In March 2008, it was confirmed that Coogan would return to doing comedy as part of his first stand-up tour in ten years. The tour, named “Steve Coogan as Alan Partridge and other less successful characters”, saw the return of some of his old characters including Paul Calf and Alan Partridge.[47] Reviews of the tour were mixed.[48][49][50] Much of the criticism focused on the apparent unrehearsed quality of some of the performances and on Coogan’s nervous stage presence. Chortle comedy guide described it as “most definitely a show of two-halves: the superlative Alan Partridge plus a collection of characters that are not only less successful, but woefully less funny”.[51]

    As the tour progressed and the problems were ironed out, reviews were very positive. Dominic Maxwell of The Times described the show as “twice as entertaining as most other comedy shows this year”.[52] Brian Logan of The Guardian awarded it four stars and described it as “shamelessly funny”.[53] Reviews such as the one from the Trent FM Arena exemplified how much the show had improved after dealing with the glitches on its first few dates: “When Steve Coogan first brought this show to Nottingham last month, the reviews were poor… the intervening weeks have made a big difference, and last night’s audience at the Trent FM Arena went home happy. More please, and soon.”[54]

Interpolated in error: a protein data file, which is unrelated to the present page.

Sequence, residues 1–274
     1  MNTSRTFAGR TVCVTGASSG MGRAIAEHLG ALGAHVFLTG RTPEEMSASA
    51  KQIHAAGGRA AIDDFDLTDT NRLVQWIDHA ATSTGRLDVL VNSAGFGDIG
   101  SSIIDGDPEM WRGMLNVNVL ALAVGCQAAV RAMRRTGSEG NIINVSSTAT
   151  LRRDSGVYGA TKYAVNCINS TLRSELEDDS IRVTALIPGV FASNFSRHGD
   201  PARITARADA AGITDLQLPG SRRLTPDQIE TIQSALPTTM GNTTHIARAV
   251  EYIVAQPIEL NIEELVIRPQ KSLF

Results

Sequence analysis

In 2009, Coogan was featured, alongside Vic Reeves, Bob Mortimer and Julia Davis, in the spoof documentary TV film Steve Coogan – The Inside Story.[55] The same year he spoke on the influence of Monty Python on his comedy when he appeared in the television documentary, Monty Python: Almost the Truth (Lawyers Cut).[56]

    Coogan, along with his writing partner Henry Normal, founded Baby Cow Productions in 1999. Together, they have served as executive producers for shows such as The Mighty Boosh, Nighty Night, Marion and Geoff, Gavin & Stacey, Human Remains and Moone Boy, as well as the Alan Partridge feature film Alan Partridge: Alpha Papa. They have also produced Where Are the Joneses?, an online sitcom which uses wiki technology to allow the audience to upload scripts and storyline ideas.[57]